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Saturday, October 21 2017 @ 05:29 PM AST

Commercial banks account for ~62% of Barbados' total financial assets

While commercial banks remain the dominant subgroup in the financial space, new and innovative products have led to the sustained development of other financial entities. These entities provide support to all the key growth sectors in the economy, as well as mortgage and consumer financing to private individuals, and are active participants in the domestic capital market. Another phenomenon that defines the financial landscape is the degree of interconnectivity and cross-border linkages among the institutions. For example, all of the six banks operating in Barbados are affiliated with parents domiciled in other jurisdictions. The major insurance companies operate both regionally and internationally, and the trust and finance companies are subsidiaries either of other financial institutions or of other conglomerates.

Commercial banks currently account for approximately 62 percent of total financial assets. Insurance companies hold 18 percent of financial assets, while non-bank financial institutions (trust and finance companies) and credit unions each represent 10 percent of the market. Collectively, the asset base of these institutions amounted to $16 billion at September 2013, equivalent to 185 percent of GDP.

The financial system is highly concentrated with significant cross border interest, primarily through ownership structures. In the banking sector, each of the six banks is owned by a foreign parent three based in Canada, two in Trinidad and Tobago and one in the United States of America. The three Canadian banks account for 75 percent of total bank assets. Loan exposure is concentrated in a few main sectors which drive the economy. Beyond personal loans, half of which are mortgages, significant portions of credit are directed to tourism, distribution and professional services (see Figure 2). Similarly, finance companies provide specialised financing mainly for mortgages and motor vehicle purchases. While some trust and finance companies are owned by banks, others are associated with insurance companies, credit unions and other non- financial conglomerates. Credit unions also provide loans to members, most of which are consumer personal loans. Activity in this sector is heavily skewed, as 4 (out of 35 credit unions) account for more than 85 percent of total assets, membership, loans and deposits.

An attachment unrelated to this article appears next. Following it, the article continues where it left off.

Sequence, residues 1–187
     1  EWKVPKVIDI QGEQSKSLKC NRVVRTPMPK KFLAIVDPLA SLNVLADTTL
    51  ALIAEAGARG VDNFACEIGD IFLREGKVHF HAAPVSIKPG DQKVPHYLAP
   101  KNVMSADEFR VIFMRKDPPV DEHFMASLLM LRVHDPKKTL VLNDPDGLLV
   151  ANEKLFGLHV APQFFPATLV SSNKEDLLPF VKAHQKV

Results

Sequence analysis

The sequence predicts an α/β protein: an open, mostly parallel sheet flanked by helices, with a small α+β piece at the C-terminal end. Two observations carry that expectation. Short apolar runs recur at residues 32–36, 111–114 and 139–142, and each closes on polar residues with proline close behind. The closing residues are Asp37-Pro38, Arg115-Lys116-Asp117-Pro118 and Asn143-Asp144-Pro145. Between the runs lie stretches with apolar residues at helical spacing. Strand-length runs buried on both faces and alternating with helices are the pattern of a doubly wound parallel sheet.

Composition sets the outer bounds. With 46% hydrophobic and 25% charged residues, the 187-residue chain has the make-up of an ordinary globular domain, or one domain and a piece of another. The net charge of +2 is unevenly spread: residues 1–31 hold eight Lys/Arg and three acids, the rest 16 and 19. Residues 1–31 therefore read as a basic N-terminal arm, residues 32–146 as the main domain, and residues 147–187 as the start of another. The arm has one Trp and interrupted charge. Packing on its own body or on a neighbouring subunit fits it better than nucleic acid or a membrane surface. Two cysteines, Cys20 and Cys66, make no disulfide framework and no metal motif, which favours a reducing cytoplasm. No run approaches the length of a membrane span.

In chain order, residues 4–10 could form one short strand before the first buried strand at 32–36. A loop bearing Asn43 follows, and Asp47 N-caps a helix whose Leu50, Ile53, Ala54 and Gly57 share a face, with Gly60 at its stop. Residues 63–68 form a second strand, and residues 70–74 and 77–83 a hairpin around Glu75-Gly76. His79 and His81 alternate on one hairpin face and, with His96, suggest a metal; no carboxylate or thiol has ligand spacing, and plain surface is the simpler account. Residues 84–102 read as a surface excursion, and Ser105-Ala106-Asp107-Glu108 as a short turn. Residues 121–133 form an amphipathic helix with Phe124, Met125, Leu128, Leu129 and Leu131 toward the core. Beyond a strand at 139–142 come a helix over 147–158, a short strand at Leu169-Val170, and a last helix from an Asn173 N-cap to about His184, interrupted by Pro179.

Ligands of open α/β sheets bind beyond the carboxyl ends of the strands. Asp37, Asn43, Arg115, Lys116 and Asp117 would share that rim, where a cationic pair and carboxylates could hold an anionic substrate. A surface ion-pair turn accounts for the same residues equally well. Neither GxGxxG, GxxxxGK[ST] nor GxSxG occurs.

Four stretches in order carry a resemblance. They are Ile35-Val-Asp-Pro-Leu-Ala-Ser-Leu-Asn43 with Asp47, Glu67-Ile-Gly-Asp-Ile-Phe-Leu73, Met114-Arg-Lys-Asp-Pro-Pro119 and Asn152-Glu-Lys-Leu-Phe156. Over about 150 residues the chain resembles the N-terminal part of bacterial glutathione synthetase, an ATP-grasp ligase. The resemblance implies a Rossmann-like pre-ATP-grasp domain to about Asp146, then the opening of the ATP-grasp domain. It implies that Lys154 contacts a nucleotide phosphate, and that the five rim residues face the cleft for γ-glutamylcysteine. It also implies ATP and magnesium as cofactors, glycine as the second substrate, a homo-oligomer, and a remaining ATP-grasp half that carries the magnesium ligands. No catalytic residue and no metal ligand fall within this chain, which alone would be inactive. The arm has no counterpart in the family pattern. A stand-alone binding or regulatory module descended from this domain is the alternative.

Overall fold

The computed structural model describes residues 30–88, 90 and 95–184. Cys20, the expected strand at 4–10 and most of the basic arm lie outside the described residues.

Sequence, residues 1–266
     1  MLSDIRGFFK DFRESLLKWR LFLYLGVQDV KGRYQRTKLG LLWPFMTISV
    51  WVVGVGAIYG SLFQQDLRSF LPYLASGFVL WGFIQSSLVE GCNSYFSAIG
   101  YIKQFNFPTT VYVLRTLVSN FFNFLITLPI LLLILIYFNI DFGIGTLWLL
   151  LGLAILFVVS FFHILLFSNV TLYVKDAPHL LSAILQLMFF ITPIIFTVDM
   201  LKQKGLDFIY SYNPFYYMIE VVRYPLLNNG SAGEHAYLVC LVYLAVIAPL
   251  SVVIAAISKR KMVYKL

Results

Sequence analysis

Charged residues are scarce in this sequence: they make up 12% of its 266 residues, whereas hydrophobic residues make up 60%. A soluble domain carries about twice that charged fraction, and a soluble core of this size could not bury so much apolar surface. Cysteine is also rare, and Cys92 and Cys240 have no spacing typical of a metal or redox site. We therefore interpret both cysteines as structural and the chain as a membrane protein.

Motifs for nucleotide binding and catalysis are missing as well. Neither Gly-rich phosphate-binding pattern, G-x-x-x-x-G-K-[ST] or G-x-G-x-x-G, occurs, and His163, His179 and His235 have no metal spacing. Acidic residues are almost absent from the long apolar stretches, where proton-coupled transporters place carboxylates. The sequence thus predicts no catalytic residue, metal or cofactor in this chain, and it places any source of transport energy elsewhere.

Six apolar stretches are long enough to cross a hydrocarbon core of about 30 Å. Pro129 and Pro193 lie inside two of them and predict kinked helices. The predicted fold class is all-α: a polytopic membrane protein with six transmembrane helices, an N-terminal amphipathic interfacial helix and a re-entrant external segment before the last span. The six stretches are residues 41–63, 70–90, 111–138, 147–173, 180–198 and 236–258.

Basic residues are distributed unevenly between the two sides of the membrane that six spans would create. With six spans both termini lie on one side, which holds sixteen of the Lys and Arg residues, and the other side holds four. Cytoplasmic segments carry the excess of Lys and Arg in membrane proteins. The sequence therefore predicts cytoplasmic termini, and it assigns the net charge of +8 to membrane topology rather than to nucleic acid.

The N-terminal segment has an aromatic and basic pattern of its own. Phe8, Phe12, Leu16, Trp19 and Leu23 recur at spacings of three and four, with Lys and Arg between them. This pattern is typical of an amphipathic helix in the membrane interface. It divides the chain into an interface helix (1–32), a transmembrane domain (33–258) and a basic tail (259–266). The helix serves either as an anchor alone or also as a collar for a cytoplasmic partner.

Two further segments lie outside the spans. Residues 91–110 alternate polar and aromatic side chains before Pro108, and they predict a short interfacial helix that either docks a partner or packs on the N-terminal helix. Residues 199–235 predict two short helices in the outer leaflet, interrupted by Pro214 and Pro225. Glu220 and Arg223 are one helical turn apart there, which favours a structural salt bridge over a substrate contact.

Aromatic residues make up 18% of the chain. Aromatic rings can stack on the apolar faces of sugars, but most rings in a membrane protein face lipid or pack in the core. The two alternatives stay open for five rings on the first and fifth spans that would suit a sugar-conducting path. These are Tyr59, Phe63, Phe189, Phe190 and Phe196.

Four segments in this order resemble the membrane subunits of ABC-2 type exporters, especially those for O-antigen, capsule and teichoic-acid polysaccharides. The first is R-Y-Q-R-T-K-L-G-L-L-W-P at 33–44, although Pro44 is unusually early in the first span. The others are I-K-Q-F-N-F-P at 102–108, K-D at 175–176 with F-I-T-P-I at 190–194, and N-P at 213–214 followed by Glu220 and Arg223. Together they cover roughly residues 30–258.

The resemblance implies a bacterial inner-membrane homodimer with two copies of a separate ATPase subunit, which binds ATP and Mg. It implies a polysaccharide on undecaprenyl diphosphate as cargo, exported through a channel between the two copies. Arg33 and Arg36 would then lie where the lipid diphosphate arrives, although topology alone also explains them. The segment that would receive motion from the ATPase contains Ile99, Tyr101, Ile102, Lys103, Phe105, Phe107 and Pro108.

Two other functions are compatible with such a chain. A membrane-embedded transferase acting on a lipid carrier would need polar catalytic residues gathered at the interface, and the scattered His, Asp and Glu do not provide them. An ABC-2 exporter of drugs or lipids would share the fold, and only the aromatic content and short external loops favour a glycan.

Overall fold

The insurance sector can be classified into two business types: life insurance and non-life insurance providers. As at year-end 2012, 16 general insurance and 5 life insurance companies operating in Barbados held combined assets of just over $3 billion. Life insurance companies account for 77 percent of the industry, most of which is driven by one entity (see Figure 3). The largest insurance group has both life and non-life operations and accounts for 60 percent of the industry. Moreover, its operations span several territories (including the US) and include companies providing mutual funds, asset management and financing.

Oversight of the financial system is shared between the Central Bank of Barbados and the Financial Services Commission (FSC). Commercial banks, trust companies, finance companies and merchant banks fall under the aegis of the Central Bank, while credit unions, insurance companies, occupational pension plans, mutual funds and the securities market are regulated under the FSC Act. Collaboration between these two regulators is established by a Memorandum of Understanding and is formalised via the Financial Oversight and Management Committee (FOMC). The FOMC provides for mutual assistance, exchange of information, and monitoring of the financial and coordination of financial policies to preserve the stability of the system.


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